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So if you’re looking to Trademark a name or design (such as a logo or business asset), it is important to know that the process isn’t easy. You’ll be up against decades of registered Trademarks and a USPTO assigned directly to your application to ensure the Trademark is unique in name, design, and use to you. There are 5 categories the Trademark can fall into when determining “distinctiveness”: Arbitrary, Fanciful, Suggestive, Descriptive, or Generic. We will break down what each category means and the general likelihood of success for each category.

The Trademark-ability of a Name, Phrase, or Design


Generic is just as the name would imply, in that the name or design, is not unique in any way. When the USPTO determines a mark as “generic”, there is virtually no recourse to have the mark approved and registered. This means that the mark is too common in the eyes of the USPTO to give your company exclusive rights to it. The only option when it comes to generic marks is building a case that your brand is completely synonymous with this name or design. So if I wanted to Trademark “Tape”, I would have to compile a mountain of evidence that shows that my brand has been using that name and has been successful in our branding that the word “Tape” is now almost exclusively used to refer to my brand.

Brands also run the risk of having their Trademarked names fall into the Generic category. A great example of this is BandAid. BandAid has now become so synonymous with adhesive bandages that it has risked falling into the generic category. Should your mark be approved while considered Generic, it is also the hardest to enforce your rights to that mark.


Descriptive is another tricky category for the distinctiveness of a trademark. As the name would suggest, the mark is describing the brand, the product, or a feature of a product. Descriptive is also difficult to present to the USPTO; however, the chance of success is much higher than generic. For a descriptive mark to be approved, there must be substantial proof of use and branding that gives the description another meaning – your mark. For example, if I wanted to trademark “New York Law Firm”, I would have to prove that I have been using this for my brand and it has now become a secondary meaning for that phrase. Even if approved, marks that are considered descriptive have limited rights to that name, phrase, or design.


Suggestive is the next tier in the distinctiveness ladder, in which a mark is distinct but in a way that “requires imagination and is unique”. Suggestive marks are the most common type of trademark applied for, since most brands tend to pick names and designs that are similar to their offerings, but with a unique twist. A good example of a suggestive mark is the name, “InkMate” which is a pen brand. The name doesn’t explicitly say that the product is a pen but pens use ink and it’s a fair logical leap for people to understand InkMate as a pen. It requires a little imagination and deductive reasoning but it still has some connection to the exact product. Suggestive marks have more rights and protections than descriptive or generic.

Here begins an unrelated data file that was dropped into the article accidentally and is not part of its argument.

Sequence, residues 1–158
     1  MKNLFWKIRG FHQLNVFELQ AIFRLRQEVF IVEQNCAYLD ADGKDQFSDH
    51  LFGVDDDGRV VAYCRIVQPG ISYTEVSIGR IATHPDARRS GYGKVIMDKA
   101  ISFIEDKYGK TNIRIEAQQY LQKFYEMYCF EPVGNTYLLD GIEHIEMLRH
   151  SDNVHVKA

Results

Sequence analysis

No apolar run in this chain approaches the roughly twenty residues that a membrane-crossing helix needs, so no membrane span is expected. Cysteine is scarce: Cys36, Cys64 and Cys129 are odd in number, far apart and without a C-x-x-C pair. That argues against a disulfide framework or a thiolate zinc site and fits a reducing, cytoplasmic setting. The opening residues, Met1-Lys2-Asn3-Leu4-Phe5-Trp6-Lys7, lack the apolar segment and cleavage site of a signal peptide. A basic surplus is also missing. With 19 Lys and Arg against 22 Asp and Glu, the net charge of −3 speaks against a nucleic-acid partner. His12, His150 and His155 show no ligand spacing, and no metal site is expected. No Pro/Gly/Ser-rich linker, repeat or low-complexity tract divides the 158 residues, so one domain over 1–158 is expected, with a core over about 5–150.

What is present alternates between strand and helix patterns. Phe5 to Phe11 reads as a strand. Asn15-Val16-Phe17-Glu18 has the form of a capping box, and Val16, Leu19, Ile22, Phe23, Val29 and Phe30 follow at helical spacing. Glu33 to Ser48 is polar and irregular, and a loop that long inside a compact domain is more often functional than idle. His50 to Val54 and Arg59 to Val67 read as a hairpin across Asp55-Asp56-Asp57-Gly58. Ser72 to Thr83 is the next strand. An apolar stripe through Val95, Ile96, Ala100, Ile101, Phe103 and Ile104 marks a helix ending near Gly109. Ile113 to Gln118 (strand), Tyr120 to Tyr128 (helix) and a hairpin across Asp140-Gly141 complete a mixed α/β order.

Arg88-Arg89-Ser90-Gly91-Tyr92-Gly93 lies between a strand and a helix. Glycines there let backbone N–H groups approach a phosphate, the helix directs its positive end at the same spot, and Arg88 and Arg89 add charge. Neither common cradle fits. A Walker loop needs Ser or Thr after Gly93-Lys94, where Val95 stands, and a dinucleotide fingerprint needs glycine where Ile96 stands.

Arbitrary names and logos are marks that have absolutely no connection to their brand or product. This means that the name or design is an existing word or form that we already know. Two great examples of this are “Apple” and “Dove”. The name and logo for apple have nothing to do with technology or computers, yet Apple has become so heavily used that people now associate the word apple with a phone or computer. The same applies to Dove, which is a soap and beauty brand. Their logo is just the form of a dove, which has no connection to personal health and hygiene. An arbitrary mark has more right to use and protection than a Suggestive mark.


Fanciful is the USPTO’s name for imaginary. If a mark is considered Fanciful, then the name, phrase, or logo is completely made-up. Because it is invented, marks in this area are the easiest to be approved and prove distinctiveness. Also, fanciful marks are afforded the largest scope of protection by the USPTO.


Each category of the distinctiveness scale increases in the ease of getting approved and the rights of use granted by the trademark. Generic marks are next to impossible to get approved and provide very little rights. Fanciful marks are the easiest to approve and provide the broadest level of protection. If you follow these examples and this scale, you can gauge how likely your trademark is to be approved by the USPTO. If you have any questions or are ready to start your trademark, you can call our office at 516-908-9519

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